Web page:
PRiSM — An Acronym to Know
January 30, 2016
I’m just wrapping up a productive, educational, and enjoyable few days in San Diego, where I attended the 3rd Annual Meeting of the Pediatric Research in Sports Medicine (PRISM).
Don’t know that acronym? I suspect you’ll be hearing it more frequently over the next several years.
The brainchild of Hank Chambers, pediatric orthopedic surgeon at Rady Children’s Hospital, San Diego, PRISM aspires to join the forces of several stakeholders and raise the bar in terms of research in pediatric sports medicine. It brings together primary care sports medicine physicians, orthopaedic surgeons, athletic trainers, physical therapists and musculoskeletal radiolgists.
Dr. Chambers just turned over the president’s reins to Mininder Kocher, a pediatric orthopedic surgeon at Boston Children’s Hospital. Dr. Kocher must have called in the chips on the folks he knows from Boston Children’s, as a great number of the speakers at PRISM have had (past/present) some affiliation with that institution. A short list of these presenters, all of whom have been authors at some time in the pages of CJSM, include: Andrea Stracciolini, Lyle Micheli, Pierre d’Hemecourt, Kate Ackerman, Anthony Luke and Dai Sugimoto. And Benton Heyworth presided over all as the head of the programming committee.
It was a pleasure seeing these folks, as they are like family (I trained at Boston Children’s too). And it was great seeing other friends as well, like Andrew Gregory (Nashville), Greg Canty (Kansas City) and Greg Myer (Cincinnati). But it was a special pleasure, and a unique feature of these sorts of meetings, to make the acquaintance of folks whose names I have heard on several different occasions but had heretofore never met. Christina Master of Children’s Hospital, Philadelphia for instance. She gave a great talk on clinical tools in the evaluation of pediatric sports related concussions and was tweeting up a storm during the entire conference.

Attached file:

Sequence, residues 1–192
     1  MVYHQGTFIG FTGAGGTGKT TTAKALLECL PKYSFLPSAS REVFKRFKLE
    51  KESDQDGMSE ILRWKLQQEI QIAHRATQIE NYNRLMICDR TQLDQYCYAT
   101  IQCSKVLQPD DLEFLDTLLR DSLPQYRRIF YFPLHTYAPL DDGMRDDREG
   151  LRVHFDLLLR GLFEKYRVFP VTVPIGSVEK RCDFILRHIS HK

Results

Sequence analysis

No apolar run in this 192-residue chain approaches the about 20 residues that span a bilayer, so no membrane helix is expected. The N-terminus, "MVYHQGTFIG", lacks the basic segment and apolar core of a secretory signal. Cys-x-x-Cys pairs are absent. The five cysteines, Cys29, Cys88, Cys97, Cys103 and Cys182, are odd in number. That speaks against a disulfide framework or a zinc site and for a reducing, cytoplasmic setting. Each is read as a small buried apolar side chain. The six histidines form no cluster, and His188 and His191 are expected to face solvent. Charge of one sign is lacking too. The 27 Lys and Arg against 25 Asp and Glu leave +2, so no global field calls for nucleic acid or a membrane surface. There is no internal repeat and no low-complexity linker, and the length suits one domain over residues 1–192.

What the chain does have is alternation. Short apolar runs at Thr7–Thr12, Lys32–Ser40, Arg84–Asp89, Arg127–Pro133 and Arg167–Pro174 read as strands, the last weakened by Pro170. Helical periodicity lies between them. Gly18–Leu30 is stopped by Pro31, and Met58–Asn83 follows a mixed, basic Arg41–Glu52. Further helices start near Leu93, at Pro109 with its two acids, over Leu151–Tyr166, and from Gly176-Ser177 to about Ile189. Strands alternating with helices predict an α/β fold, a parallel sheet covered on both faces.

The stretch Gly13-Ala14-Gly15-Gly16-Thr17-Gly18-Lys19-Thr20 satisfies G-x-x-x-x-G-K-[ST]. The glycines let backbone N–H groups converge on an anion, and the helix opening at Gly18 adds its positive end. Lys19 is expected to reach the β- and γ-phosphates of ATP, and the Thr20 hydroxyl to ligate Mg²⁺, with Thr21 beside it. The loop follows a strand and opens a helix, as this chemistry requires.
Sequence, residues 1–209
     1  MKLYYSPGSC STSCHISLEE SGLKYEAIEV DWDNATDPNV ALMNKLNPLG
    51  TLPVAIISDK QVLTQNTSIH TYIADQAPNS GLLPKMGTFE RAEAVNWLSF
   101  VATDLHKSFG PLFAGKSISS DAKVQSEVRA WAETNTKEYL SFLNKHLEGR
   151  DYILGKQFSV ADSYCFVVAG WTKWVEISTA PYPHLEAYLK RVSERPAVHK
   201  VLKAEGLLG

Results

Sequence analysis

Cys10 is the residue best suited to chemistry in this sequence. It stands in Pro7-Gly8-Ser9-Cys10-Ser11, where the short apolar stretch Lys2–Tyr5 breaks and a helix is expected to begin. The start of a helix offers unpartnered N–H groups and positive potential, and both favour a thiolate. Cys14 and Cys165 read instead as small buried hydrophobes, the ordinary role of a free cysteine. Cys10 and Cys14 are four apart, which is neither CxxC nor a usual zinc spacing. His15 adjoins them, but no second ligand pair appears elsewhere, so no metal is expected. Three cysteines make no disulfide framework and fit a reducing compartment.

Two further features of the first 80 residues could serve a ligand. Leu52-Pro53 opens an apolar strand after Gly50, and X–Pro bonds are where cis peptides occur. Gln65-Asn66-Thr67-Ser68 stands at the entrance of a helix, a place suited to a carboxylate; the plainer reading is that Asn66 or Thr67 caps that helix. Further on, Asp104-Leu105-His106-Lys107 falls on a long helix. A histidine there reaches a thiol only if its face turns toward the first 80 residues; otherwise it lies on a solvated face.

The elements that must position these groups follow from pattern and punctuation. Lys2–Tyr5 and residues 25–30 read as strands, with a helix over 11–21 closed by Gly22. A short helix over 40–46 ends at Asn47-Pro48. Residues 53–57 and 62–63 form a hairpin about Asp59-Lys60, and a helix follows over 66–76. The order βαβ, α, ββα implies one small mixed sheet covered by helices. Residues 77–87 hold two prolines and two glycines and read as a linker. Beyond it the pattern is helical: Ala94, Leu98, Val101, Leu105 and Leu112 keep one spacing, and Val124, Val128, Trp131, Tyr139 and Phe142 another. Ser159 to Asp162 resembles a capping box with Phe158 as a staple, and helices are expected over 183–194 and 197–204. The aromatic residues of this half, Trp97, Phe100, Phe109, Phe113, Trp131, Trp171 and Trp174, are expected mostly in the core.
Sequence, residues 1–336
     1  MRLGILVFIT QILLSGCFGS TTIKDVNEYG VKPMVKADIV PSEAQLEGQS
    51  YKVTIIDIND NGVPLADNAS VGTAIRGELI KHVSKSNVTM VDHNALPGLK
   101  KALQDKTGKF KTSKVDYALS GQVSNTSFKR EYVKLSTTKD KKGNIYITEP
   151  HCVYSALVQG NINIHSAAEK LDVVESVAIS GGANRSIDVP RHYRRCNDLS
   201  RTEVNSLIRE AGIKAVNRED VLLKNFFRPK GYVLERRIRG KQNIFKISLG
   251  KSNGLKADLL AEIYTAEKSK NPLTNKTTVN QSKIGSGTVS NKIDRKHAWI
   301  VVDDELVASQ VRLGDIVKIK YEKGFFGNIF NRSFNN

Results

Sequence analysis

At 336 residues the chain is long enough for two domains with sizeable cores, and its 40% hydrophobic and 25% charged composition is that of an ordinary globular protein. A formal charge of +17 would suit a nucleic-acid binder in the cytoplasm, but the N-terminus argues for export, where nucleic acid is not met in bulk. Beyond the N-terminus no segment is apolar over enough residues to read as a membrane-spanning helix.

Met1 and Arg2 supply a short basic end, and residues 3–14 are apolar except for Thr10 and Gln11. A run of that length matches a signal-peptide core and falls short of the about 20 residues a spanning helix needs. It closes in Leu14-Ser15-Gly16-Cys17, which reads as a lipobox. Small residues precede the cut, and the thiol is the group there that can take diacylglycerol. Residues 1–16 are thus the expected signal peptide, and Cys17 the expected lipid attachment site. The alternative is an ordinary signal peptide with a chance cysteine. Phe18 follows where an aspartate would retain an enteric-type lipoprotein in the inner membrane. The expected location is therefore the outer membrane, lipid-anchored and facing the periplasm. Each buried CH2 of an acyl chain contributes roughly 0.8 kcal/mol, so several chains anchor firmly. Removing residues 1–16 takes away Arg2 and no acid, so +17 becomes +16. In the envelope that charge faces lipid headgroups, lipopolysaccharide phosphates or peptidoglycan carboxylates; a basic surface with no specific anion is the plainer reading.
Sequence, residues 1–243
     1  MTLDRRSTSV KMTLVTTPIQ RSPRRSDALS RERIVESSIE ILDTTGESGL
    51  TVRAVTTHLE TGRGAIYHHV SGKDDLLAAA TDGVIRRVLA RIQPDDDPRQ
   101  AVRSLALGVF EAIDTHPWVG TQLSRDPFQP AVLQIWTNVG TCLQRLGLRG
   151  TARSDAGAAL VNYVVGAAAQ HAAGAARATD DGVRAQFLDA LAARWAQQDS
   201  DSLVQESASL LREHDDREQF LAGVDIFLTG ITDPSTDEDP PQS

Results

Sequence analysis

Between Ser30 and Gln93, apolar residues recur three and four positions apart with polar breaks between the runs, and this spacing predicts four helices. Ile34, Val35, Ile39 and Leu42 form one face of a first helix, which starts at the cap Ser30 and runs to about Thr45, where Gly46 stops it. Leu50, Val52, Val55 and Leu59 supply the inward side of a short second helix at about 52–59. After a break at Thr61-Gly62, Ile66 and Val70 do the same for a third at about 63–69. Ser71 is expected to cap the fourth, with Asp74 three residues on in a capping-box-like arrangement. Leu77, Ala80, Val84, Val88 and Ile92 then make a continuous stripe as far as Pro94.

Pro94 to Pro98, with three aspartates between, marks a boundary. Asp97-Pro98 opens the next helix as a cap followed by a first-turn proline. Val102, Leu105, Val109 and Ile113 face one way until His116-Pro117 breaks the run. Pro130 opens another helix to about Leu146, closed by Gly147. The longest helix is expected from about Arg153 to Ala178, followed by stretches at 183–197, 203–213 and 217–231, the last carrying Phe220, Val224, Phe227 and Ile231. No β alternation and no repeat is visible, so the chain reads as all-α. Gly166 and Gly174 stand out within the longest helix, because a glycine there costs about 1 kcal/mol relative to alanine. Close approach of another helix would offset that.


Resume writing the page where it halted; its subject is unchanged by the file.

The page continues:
I found it particularly inspiring to hear the updates from orthopedic colleagues on multi-center trials looking at important injuries in the pediatric athlete: ranging from knee OCD (the ‘ROCK’ study) to ACL reconstructions (the ‘PLUTO’ study)–I am really looking forward to the results coming from these studies, as they are sure to affect the clinical management of so many patients I serve in the future.
Finally, there was San Diego–a bit of sun and warmth in the middle of winter! I swam in an outdoor pool three days in a row–I haven’t enjoyed that pleasure in four months.
I lacked for nothing here at PRISM–I gained in knowledge, friendship, and Vitamin D. Who could ask for more? I’ve already got the meeting in 2017 (to take place in Dallas) on my calendar–I hope to see you there too!